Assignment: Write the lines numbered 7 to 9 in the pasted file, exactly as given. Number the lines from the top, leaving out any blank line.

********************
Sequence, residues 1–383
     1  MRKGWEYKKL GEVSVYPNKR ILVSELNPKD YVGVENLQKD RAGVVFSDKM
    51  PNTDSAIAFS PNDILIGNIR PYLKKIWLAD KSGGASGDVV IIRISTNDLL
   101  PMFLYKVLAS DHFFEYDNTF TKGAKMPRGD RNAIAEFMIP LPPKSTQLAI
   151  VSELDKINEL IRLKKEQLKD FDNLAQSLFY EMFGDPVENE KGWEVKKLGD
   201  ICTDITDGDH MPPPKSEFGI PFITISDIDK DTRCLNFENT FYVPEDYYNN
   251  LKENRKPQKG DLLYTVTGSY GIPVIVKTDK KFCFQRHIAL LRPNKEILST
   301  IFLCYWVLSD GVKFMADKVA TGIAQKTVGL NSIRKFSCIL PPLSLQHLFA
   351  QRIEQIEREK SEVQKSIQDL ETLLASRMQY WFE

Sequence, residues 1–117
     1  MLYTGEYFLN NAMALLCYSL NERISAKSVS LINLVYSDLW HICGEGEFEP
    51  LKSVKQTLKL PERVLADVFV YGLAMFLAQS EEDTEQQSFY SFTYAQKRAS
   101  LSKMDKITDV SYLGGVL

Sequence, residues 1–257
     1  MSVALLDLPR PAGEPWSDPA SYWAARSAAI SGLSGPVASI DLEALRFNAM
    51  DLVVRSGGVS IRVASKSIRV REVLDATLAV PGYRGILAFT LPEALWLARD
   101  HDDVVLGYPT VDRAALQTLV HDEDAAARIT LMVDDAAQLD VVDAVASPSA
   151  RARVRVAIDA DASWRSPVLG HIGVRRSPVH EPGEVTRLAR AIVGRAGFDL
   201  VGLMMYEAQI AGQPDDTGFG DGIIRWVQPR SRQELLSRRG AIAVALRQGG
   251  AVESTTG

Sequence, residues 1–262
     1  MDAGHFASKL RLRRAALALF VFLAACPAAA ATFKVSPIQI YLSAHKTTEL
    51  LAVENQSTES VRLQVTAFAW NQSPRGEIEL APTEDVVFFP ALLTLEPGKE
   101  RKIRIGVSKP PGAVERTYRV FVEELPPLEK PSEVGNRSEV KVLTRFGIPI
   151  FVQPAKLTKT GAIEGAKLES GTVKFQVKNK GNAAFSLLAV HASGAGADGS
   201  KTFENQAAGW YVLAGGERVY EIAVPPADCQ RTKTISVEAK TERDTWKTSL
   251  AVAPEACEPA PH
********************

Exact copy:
   251  LKENRKPQKG DLLYTVTGSY GIPVIVKTDK KFCFQRHIAL LRPNKEILST
   301  IFLCYWVLSD GVKFMADKVA TGIAQKTVGL NSIRKFSCIL PPLSLQHLFA
   351  QRIEQIEREK SEVQKSIQDL ETLLASRMQY WFE